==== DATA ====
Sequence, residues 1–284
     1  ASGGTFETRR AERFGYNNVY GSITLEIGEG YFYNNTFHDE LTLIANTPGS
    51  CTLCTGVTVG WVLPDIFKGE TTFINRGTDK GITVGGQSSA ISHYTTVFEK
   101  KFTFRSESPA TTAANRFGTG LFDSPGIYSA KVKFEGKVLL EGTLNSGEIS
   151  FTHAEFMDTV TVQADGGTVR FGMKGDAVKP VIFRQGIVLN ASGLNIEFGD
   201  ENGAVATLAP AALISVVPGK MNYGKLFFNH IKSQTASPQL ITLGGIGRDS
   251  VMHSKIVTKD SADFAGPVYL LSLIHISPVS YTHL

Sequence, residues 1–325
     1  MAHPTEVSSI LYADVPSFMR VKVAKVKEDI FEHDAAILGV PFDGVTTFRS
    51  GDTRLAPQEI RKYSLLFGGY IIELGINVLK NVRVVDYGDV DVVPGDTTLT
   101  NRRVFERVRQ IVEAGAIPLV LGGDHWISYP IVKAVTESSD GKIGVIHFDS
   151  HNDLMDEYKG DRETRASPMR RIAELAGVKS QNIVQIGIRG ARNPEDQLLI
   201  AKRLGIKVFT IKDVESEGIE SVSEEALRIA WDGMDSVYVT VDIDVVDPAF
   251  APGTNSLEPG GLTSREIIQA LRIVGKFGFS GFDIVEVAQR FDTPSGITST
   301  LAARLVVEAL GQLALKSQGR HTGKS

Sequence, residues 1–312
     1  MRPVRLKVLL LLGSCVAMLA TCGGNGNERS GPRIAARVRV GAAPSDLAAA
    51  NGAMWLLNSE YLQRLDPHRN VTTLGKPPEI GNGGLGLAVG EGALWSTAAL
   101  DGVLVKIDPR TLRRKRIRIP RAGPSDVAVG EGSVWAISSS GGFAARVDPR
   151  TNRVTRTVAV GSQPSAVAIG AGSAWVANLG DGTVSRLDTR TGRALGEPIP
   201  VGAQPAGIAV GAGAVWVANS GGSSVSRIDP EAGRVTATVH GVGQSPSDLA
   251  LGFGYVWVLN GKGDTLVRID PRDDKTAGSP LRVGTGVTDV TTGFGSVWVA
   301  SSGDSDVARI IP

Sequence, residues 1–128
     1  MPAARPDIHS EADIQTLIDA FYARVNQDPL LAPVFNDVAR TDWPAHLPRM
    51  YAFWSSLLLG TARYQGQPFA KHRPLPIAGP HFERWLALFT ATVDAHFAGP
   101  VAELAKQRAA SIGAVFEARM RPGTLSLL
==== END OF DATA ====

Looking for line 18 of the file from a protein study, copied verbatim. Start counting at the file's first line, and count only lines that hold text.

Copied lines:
    51  NGAMWLLNSE YLQRLDPHRN VTTLGKPPEI GNGGLGLAVG EGALWSTAAL